Crushed.

snail

I spent a lot of time this weekend sorting things into piles. I have 6 or more of my own projects going and I’m trying to prioritize them and come up with some deadlines for when I would like them finished. With that comes the tough choices. Which ones will I actually finish? Which ones will likely die in a box in my studio? And what will they be? It can be hard to be objective because I love them all. Some just aren’t meant to be and some might just need to sit out of sight for awhile so I can come back to them with a new perspective. It can be hard to be realistic about your work. Everyone is looking for that one big idea, but often it’s actually a lot of little ideas and not all of them get to grow up.

 

 

One of the first big rules that you learn when going to children’s book conferences is that if you are going to submit your work to publishers then you need to be ready for a lot of rejection. If you are lucky enough to hear anything be prepared for it to be the word no over and over and over again. A lot of times you might not hear anything at all. If you are extremely lucky you might hear a maybe, but most likely with that maybe will come a long list of changes, which can also feel like rejection. It can be very crushing.

Every SCBWI (Society of Children’s Book Writers and Illustrators) conference I have ever been to has been incredibly inspiring and encouraging. It is typically a very safe space where they encourage you to just keep at it. That’s lovely, but to do that you have to develop a pretty thick skin and on top of that a good sense or realism. I think they could stand to talk more about being realistic. You need to be able to take a step back and look at your work and judge it without bias. Does it hold up? Is it in the realm of good enough? Am I willing to change it enough to be appealing to the masses?

Sometimes the answer to those questions will be no. The book project I’m working on now is something pretty personal to me. It’s a bit sappy and maybe a bit cliche. I know this, but I want to pursue it anyways and I’m not really willing to hand over control of it to anyone else. I also really want to experiment my way through the illustrations without guidance from an art director. It is a project I need to do alone. So for that project I know I’m heading for the tough path of self-publishing and I’m okay with that. I know it won’t have the reach that it would with a traditional publisher. I know I won’t make a ton of money off of it. Having done the self-publishing thing before though I am fairly confident that I can sell enough copies to break even. It will have a pretty strong appeal to moms. I’m also blessed with a lot of family and friends that support me and the work I do. And if nothing else I know it could be a great portfolio piece if I take my time and do it well. I’m excited to see what I make of it on my own. I have another project that I have just started that I think would be more marketable to a traditional publisher and I’m excited to start pitching it.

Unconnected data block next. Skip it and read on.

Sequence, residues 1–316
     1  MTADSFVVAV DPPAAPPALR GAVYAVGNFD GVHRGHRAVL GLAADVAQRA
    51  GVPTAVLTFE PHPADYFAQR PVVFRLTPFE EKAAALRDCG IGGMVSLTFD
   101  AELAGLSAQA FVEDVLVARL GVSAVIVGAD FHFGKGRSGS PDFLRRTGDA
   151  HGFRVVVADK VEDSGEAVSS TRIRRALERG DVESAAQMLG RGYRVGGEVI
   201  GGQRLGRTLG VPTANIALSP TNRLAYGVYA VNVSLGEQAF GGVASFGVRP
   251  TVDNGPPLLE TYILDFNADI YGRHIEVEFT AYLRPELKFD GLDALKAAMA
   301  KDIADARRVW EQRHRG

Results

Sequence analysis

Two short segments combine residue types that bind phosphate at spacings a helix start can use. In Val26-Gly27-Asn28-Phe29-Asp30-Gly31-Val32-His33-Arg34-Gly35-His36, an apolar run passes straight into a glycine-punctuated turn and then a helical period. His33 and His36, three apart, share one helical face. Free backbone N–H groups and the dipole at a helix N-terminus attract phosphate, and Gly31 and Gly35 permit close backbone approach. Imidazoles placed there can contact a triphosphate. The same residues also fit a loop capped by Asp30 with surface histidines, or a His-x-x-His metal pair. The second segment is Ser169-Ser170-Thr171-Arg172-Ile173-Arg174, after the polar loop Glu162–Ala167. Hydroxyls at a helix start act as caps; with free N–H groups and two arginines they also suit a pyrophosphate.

If you keep working and developing multiple projects it’s easier not to get crushed by the industry. If one isn’t working then set it aside and come back to it later with fresh eyes. Not every project is the same and they can’t all take the same path. This is the kind of realism I find necessary in this business. Know your work. Know the industry. Know where they come together. A lot of people know how tough traditional publishing can be, but really self-publishing is just as hard. It’s getting easier with new technology and ebooks. It’s getting more excepted as some larger publishers are seeing the benefit in partnering with printing companies. A lot of people go into with really high hopes of being discovered, but self-marketing is really hard. SCBWI has some great resources for self-publishing authors if you are just starting out. I also really recommend checking out a conference. On top of all of the valuable knowledge to be found there it is really comforting to be surrounded by other people who are in the trenches as well.

If you keep working and developing multiple projects it’s easier not to get crushed by the industry. If one isn’t working then set it aside and come back to it later with fresh eyes.Not every project is the same and they can’t all take the same path. This is the kind of realism I find necessary in this business. Know your work. Know the industry. Know where they come together. A lot of people know how tough traditional publishing can be, but really self-publishing is just as hard. It’s getting easier with new technology and ebooks. It’s getting more excepted as some larger publishers are seeing the benefit in partnering with printing companies. A lot of people go into with really high hopes of being discovered, but self-marketing is really hard. SCBWI has some great resources for self-publishing authors if you are just starting out. I also really recommend checking out a conference. On top of all of the valuable knowledge to be found there it is really comforting to be surrounded by other people who are in the trenches as well.

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